The combined growth for the first six months of the year was the weakest since the recession ended two years ago. The government revised the January-March figures to show just 0.4 percent growth, down sharply from its previous estimate of 1.9 percent.
The data was much worse than economists expected and caused many of them to lower their growth forecasts for the rest of this year.
“This is not a death sentence for the recovery, but it does raise some concerns,” said Carl Riccadonna, an economist at Deutsche Bank. He said the current level of growth is too weak to keep the unemployment rate from rising.
High gas prices and scant income gains have forced Americans to pull back sharply on spending. Consumer spending only increased 0.1 percent in the April-June quarter, the smallest gain in two years. Government spending fell for the third straight quarter.
Stocks dropped in early trading, then regained some lost ground. The Dow Jones industrial average fell 56 points, and broader indexes also declined.
The sharp slowdown means the economy will likely grow this year at a weaker pace than last year, when it expanded by 3 percent.
Nariman Behravesh, chief economist at IHS, said the economy will likely expand less than 2 percent in the July-September period. That’s down from the firm’s previous estimate of at least 2.5 percent.
The weaker data will also add pressure to already-tense negotiations between President Barack Obama and lawmakers over increasing the debt limit. Any deal will likely include deep cuts in government spending. That could slow growth further in the short term.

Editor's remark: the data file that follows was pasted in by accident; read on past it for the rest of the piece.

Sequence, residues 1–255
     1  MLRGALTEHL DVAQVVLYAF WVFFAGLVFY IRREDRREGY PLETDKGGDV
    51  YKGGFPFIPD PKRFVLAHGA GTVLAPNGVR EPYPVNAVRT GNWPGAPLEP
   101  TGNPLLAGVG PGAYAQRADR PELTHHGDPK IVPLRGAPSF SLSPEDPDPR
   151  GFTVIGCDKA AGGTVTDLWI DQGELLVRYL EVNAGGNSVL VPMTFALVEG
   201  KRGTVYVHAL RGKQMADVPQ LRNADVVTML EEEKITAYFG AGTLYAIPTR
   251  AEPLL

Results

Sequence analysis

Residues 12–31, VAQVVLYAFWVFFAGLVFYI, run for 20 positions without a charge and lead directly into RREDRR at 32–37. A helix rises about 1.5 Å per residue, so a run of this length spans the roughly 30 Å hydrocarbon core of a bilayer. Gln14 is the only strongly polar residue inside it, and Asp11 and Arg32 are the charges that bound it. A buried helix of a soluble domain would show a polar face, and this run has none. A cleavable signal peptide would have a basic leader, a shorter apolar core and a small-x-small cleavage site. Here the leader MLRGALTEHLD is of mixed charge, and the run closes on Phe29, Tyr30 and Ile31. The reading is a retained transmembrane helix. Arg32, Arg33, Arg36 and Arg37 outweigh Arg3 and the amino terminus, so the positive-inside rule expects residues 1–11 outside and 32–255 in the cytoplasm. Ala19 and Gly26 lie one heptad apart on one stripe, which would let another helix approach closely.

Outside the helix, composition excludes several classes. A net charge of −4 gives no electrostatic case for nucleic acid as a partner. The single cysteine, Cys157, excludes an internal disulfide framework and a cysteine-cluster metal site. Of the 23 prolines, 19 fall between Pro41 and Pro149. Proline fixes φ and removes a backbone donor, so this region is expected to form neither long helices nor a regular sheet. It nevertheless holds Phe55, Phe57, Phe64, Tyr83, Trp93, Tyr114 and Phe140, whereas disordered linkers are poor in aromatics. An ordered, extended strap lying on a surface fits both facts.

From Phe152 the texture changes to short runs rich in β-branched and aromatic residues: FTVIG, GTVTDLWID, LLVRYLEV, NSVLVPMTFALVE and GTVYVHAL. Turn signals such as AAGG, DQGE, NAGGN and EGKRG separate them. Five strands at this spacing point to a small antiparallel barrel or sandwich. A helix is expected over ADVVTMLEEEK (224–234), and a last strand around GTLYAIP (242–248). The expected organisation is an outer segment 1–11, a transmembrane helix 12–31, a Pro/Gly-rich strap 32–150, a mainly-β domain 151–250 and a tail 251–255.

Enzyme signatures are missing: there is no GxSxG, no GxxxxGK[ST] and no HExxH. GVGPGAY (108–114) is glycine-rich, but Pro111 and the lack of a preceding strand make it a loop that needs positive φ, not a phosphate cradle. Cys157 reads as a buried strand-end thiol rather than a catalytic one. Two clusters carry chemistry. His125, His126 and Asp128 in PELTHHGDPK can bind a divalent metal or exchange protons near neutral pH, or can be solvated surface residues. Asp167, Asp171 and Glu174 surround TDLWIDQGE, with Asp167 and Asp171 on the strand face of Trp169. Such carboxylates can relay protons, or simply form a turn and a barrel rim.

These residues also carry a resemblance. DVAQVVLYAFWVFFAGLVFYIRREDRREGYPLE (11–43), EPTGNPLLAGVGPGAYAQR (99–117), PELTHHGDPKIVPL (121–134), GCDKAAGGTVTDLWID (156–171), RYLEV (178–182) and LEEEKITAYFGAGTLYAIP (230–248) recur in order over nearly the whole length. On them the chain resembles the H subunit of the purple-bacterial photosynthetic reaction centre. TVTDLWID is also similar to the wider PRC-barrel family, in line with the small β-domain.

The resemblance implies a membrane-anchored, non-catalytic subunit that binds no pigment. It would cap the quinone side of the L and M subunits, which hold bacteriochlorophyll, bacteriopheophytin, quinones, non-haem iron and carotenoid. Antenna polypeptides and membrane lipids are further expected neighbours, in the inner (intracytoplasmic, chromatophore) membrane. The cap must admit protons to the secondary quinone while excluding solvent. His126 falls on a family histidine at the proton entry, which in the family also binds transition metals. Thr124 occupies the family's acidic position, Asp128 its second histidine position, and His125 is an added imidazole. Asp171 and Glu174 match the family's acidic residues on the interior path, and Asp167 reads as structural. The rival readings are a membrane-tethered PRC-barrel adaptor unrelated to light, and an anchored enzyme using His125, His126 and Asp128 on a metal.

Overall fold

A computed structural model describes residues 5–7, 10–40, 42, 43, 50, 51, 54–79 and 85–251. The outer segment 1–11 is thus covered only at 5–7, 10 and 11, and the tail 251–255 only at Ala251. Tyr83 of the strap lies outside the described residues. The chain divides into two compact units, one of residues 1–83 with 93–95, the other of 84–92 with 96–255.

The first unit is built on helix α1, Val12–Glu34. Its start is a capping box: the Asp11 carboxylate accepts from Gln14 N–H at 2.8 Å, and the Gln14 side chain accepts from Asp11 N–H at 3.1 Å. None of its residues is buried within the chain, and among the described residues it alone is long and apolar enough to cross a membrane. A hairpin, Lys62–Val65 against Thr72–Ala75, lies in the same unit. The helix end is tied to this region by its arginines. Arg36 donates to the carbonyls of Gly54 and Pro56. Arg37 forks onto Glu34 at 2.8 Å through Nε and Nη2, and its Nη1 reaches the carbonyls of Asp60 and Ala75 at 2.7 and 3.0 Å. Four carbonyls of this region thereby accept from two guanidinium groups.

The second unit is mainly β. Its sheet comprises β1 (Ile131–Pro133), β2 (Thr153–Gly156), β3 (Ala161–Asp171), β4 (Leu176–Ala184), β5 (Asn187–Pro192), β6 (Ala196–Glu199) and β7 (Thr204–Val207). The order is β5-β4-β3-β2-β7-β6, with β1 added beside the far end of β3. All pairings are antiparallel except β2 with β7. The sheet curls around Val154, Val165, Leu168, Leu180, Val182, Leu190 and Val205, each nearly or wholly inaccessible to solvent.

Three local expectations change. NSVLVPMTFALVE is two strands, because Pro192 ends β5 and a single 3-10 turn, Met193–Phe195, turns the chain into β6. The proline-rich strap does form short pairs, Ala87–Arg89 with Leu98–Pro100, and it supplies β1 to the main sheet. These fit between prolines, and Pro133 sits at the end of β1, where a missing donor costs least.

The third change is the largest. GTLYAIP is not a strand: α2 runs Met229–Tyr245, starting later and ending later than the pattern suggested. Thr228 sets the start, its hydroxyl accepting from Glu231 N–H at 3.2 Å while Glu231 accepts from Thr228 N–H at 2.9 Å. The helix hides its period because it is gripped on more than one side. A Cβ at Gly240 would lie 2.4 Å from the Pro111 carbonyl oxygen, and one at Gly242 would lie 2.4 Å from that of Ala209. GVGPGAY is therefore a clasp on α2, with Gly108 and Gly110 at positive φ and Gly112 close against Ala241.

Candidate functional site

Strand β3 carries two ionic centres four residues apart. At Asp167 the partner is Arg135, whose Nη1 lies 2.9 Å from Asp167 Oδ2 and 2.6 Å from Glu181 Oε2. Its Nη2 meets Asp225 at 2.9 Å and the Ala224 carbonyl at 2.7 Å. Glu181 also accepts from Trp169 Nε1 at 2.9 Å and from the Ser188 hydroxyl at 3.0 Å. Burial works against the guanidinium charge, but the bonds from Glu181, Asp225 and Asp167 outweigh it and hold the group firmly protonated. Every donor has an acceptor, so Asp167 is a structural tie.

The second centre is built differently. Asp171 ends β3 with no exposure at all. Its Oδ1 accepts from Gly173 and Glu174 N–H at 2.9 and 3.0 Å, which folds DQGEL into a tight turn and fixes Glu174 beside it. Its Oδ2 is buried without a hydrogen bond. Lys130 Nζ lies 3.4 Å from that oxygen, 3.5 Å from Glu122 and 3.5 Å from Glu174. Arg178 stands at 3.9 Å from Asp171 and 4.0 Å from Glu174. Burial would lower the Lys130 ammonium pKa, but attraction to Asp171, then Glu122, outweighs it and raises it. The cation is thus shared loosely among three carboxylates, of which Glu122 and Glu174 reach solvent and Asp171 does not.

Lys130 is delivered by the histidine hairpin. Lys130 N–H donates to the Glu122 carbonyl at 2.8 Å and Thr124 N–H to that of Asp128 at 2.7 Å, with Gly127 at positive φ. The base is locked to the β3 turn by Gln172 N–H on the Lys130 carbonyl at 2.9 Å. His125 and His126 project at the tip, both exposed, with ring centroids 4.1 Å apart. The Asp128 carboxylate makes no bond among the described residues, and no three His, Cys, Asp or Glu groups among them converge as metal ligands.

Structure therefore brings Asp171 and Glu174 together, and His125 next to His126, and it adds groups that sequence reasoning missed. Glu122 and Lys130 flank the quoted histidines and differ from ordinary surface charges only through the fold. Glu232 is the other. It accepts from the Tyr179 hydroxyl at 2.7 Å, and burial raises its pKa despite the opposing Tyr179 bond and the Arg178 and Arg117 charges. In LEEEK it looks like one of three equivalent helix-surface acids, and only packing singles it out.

But if Congress fails to raise the debt limit and the government defaults, financial markets could fall and interest rates could rise.
Obama cited the dismal growth figures Friday as a reason for lawmakers to reach a solution.
“On a day when we’ve been reminded how fragile the economy is, this is a burden we can lift ourselves,” Obama said.
Economists have said the negotiations have injected a large amount of uncertainty into the frail recovery. Some businesses are holding back on hiring and expansion plans.
“It is hard to see the economy getting much stronger,” Paul Dales, an economist at Capital Economics, said in a research note. “In fact, if the debt ceiling is not raised … we could well have another recession on our hands.”
A rebound in the second half of the year will also depend on consumers, who fuel 70 percent of economic growth.
Consumer spending on long-lasting manufactured goods, such as cars and appliances, fell 4.4 percent in the second quarter. Many auto dealers reported shortages of popular models after Japan’s March 11 earthquake disrupted supply chains. That cut into auto sales.
Auto sales and production are likely to rebound in the July-September period as supply disruptions ease, economists said. That should boost growth.
Overseas sales may also give the economy a lift in the second half of the year. Exports rose 6 percent in the April-June quarter. Large U.S. exporters are benefiting from a weaker dollar and stronger growth in foreign markets, a trend economists expect to continue.